Book #47: The Upside of Unrequited by Becky Albertalli

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Seventeen-year-old Molly Peskin-Suso knows all about unrequited love. No matter how many times her twin sister, Cassie, tells her to woman up, Molly can’t stomach the idea of rejection. So she’s careful. Fat girls always have to be careful.

Then a cute new girl enters Cassie’s orbit, and for the first time ever, Molly’s cynical twin is a lovesick mess. Meanwhile, Molly’s totally not dying of loneliness—except for the part where she is. Luckily, Cassie’s new girlfriend comes with a cute hipster-boy sidekick. If Molly can win him over, she’ll get her first kiss and she’ll get her twin back. 

There’s only one problem: Molly’s coworker, Reid. He’s a chubby Tolkien superfan with a season pass to the Ren Faire, and there’s absolutely no way Molly could fall for him. 

Right? Seventeen-year-old Molly Peskin-Suso knows all about unrequited love. No matter how many times her twin sister, Cassie, tells her to woman up, Molly can’t stomach the idea of rejection. So she’s careful. Fat girls always have to be careful.

Then a cute new girl enters Cassie’s orbit, and for the first time ever, Molly’s cynical twin is a lovesick mess. Meanwhile, Molly’s totally not dying of loneliness—except for the part where she is. Luckily, Cassie’s new girlfriend comes with a cute hipster-boy sidekick. If Molly can win him over, she’ll get her first kiss and she’ll get her twin back. 

There’s only one problem: Molly’s coworker, Reid. He’s a chubby Tolkien superfan with a season pass to the Ren Faire, and there’s absolutely no way Molly could fall for him. 

Right? 

I’ve just joined an online book club called The Owlcrate Book Club on Facebook. Every month, we read the Owlcrate book from the previous month, an old Owlcrate book, and a third book. The Upside of Unrequited was last month’s book and the first book in this month’s read. I’m excited about this book club and am having fun so far.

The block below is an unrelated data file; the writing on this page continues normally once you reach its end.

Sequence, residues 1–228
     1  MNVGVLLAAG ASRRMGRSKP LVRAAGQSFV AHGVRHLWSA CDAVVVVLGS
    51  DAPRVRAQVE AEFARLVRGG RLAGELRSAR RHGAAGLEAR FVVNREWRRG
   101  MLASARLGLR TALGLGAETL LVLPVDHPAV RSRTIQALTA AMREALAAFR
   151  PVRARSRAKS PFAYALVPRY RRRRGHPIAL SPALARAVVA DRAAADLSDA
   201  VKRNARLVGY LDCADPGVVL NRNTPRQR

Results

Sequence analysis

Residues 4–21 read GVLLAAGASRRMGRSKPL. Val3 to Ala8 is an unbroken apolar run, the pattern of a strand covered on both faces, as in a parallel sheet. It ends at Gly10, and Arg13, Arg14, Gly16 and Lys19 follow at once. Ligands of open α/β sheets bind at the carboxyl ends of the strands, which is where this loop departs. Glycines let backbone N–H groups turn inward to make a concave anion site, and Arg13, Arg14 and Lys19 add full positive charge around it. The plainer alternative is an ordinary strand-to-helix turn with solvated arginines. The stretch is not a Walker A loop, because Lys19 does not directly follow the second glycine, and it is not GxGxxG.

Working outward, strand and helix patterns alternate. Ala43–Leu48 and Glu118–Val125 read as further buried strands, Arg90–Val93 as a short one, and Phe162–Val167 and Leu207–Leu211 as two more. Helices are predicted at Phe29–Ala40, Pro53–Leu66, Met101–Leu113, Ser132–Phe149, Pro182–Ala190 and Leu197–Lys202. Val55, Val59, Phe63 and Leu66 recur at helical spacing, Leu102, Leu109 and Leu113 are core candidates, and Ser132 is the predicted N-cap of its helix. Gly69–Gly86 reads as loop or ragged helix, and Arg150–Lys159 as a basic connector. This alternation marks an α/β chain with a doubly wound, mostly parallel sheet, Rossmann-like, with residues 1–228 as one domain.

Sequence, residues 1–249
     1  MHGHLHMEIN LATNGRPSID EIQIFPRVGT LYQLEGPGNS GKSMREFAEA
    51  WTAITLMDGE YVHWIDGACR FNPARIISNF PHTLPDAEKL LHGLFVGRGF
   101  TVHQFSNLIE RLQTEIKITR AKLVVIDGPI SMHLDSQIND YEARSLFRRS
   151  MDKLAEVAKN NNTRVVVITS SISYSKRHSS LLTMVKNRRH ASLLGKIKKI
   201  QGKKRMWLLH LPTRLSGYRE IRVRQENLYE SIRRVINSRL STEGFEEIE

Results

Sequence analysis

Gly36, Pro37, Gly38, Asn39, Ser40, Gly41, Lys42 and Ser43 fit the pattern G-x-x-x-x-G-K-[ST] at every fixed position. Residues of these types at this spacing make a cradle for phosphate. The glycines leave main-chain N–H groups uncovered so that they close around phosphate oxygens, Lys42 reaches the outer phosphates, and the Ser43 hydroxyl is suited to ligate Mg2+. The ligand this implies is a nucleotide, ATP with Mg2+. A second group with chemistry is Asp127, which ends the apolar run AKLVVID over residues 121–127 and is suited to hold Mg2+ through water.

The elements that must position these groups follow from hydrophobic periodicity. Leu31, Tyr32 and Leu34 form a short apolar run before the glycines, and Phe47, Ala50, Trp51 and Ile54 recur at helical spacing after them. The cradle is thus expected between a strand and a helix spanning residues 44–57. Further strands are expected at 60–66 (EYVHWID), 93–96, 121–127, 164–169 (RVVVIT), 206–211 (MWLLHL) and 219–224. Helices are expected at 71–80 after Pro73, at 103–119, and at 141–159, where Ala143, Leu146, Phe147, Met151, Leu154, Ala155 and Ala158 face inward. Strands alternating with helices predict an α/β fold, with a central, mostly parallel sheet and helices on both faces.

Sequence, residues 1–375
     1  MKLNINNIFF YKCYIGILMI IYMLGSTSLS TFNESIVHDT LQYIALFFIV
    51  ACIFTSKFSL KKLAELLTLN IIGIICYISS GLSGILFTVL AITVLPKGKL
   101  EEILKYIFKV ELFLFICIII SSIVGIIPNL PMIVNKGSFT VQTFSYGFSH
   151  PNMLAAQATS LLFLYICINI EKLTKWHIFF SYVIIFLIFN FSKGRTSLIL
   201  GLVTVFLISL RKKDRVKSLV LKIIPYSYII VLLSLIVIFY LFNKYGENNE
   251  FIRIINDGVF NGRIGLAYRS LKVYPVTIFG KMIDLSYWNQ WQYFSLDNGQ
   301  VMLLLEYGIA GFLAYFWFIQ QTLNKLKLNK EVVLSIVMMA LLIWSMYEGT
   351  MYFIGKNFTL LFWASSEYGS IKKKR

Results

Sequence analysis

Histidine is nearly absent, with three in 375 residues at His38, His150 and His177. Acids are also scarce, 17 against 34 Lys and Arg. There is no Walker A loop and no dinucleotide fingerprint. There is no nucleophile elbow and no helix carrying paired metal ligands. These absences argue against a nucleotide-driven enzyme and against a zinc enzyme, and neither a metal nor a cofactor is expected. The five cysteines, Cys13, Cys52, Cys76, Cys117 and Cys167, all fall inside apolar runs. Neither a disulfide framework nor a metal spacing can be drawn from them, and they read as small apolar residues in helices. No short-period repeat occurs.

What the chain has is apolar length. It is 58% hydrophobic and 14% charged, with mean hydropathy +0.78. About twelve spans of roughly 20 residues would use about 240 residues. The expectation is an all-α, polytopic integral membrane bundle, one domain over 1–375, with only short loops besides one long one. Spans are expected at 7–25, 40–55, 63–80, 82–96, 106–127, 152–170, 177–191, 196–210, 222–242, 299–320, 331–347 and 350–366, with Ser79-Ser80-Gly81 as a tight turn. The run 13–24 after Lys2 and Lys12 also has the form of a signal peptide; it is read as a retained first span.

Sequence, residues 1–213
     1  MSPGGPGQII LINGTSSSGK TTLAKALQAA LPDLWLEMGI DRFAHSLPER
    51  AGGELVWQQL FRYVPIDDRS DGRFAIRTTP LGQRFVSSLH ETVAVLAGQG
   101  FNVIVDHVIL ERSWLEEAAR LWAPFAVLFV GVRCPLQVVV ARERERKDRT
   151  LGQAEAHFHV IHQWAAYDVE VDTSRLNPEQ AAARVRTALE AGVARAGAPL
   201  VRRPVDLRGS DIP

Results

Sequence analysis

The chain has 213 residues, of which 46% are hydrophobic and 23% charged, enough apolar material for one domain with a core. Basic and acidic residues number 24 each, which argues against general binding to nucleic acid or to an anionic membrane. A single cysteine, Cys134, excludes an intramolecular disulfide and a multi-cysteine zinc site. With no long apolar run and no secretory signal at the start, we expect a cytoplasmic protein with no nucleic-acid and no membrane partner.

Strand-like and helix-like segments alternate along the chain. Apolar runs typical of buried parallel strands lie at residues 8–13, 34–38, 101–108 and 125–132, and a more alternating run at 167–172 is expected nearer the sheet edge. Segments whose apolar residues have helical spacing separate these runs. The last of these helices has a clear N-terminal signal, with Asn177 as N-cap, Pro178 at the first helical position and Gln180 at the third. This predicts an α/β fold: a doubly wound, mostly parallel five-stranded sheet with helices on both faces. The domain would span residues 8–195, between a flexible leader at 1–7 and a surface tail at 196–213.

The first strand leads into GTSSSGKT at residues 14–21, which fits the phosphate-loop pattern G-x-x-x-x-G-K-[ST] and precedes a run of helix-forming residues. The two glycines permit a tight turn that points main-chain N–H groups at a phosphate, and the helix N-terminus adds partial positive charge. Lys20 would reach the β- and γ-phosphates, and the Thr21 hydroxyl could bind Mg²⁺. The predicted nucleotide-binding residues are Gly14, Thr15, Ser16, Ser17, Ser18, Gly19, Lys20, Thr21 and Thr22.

That said, this book was okay. It is a quick read and a cute story. I’m not a big contemporary fan, despite the fact that I’m reading more contemporary these days. I find contemporary great books to just veg over. I don’t get a lot of emotion from them and I find that I don’t need to use as much brain power to mentally see what is going on in the text.

I didn’t really connect with any of the characters, but I didn’t mind seeing their story. Molly is a girl who keeps herself quiet and pushes in her emotions. That doesn’t bother me because I’m an introvert as well. However, she seemed just more awkward than she needed to be.

Her twin sister isn’t much better. She had her mind on her girlfriend all the time and didn’t seem to think about anything else. Selfish would be a good term. Then again, that is normal for some teens. I can name a few. Not sure if I was, but I do know of some.

Honestly, I have a feeling that teen me is a mix of the two.

The overall story is cute and adorable. There is some resolution with the major conflict, but I feel that the real issue isn’t ever addressed.

The one thing I absolutely love about this book is the LGBTQ element. The characters have diverse backgrounds and I loved that. Was it a great representation to today’s society? I think so.

Overall, the book was adorable. Not a favorite and not really a reread, but for a standalone that you could possibly read in one setting? Not bad.

I should note that the book doesn’t really get going until the second half. Still cute and adorable, it’s just I wasn’t really enjoying it until then.

 

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